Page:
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December 31, 2010

The Best of 2010 Roundup

UPDATE:   Eugene Volokh is true to form (discussing the "ethics" of publishing legal correspondence does not require referring by name to a deranged cyber-stalker, but of course Volokh does), but some commenters actually make relevant responses (and here).  Tedious, but typical of Professor Volokh. 

*2010 began with an uproar about the AALS's rip-off registration fees for its annual conference, as well as some constructive suggestions for improving the annual meeting.   One year later, has anything changed?  Not to my knowledge, sigh.

*In March, Dan Filler (Drexel) joined the blog, bringing more frequent content, as well as a new perspective.

*The U.S. News charade  continued  without meaningful changes, alas.  Since U.S. News is no longer even a news magazine, but a vehicle for misinformation-by-ranking, there seems little prospect of it going away.

*On the other hand, this year's April's Fool post had a lot of folks taken in, at least initially.

*The scandal du jour for the Spring was the racist e-mail from a Harvard 3L, which brought forth the usual assortment of confused and know-nothing commentary from the right-wing end of the blogosphere.  Plus ça change, plus c'est la même chose.  (But the Volokh blog did offer a wide spectrum of amusement this past year.)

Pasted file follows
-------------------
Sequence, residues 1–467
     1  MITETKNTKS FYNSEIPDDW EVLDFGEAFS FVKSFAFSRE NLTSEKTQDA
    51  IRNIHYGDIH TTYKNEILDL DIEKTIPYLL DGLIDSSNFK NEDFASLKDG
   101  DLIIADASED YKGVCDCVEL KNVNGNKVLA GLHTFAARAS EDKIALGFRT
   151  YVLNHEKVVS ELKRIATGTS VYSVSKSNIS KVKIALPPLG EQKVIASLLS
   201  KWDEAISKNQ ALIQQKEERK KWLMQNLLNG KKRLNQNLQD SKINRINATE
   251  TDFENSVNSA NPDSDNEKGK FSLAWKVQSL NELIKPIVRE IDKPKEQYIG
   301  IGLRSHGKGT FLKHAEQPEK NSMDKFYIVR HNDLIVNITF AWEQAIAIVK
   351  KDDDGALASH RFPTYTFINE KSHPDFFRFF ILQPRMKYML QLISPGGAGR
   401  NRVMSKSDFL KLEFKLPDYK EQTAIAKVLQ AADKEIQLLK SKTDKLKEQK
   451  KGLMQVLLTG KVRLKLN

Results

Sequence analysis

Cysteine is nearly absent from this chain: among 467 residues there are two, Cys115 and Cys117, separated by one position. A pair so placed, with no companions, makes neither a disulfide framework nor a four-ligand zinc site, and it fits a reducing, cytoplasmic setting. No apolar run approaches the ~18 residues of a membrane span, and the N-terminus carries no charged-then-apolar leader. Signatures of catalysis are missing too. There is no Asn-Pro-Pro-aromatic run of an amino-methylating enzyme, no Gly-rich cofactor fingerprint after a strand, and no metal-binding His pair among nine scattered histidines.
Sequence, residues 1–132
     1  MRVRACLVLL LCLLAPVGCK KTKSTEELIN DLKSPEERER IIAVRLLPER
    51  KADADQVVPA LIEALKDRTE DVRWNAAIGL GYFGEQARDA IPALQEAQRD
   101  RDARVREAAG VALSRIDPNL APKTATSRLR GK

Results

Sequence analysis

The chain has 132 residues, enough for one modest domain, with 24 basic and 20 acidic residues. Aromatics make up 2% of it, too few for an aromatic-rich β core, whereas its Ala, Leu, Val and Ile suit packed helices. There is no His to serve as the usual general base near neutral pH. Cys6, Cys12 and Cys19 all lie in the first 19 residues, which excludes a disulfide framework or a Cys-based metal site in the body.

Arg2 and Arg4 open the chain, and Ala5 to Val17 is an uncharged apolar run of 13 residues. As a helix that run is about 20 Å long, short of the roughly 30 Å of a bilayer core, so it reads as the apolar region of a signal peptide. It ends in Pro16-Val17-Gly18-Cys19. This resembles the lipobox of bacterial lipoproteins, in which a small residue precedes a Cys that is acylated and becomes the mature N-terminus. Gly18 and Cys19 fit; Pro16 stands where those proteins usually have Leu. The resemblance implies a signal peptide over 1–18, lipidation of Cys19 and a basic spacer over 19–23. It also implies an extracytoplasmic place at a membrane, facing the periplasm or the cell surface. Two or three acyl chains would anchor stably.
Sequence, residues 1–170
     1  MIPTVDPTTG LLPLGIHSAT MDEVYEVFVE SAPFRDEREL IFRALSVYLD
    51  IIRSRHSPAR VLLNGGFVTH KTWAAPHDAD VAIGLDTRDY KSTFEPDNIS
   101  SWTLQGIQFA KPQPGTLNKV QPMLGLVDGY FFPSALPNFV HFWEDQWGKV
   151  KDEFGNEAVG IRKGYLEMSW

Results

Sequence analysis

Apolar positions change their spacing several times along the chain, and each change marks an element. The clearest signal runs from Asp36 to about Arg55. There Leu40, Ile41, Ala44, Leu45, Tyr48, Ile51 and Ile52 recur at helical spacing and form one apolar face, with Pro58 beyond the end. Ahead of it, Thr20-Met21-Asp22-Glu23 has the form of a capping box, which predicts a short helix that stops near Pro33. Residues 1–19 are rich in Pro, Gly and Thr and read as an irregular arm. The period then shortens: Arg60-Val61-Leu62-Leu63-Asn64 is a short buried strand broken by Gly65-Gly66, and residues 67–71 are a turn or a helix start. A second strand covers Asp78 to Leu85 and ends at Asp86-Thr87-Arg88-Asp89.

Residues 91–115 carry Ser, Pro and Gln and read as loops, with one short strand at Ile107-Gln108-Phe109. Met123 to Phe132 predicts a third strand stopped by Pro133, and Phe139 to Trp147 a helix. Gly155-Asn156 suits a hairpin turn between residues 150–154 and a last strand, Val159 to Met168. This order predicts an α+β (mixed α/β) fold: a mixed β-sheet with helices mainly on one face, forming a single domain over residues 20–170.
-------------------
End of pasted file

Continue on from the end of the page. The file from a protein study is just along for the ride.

*Anyone who doubts the power of this blog (I know you're out there, and you will be smitten in due course!), take note:  a blog post in the dog days of summer on "empirical legal studies" has now resulted in an actual scholarly article in rebuttal!  The author is Cornell's Ted Eisenberg, intellectual leader and innovator in empirical studies of the legal system, and the only "concerns" about ELS to which he responds are those in my blog post (see p. 7 of his article).   Professor Eisenberg makes the utterly shocking allegation that "blog posts...often constitute unreflective, on-the-spot reactions provided to promote or provoke discussion," but we shall put that startling revelation to one side.   The truth is I've reflected a lot about ELS, over the course of dozens of hours of job talks and workshops by ELS scholars over the past five years.  Professor Eisenberg misunderstands, alas, my worry about the "skill level"  of ELS scholars:  no one doubts that many ELS scholars have strong empirical, statistical, and experimental skills, of the kinds one would expect from PhDs in various social science disciplines.  (The epistemic robustness of these social science fields is a separate question, but we shall also bracket that issue.)  My claim was that the,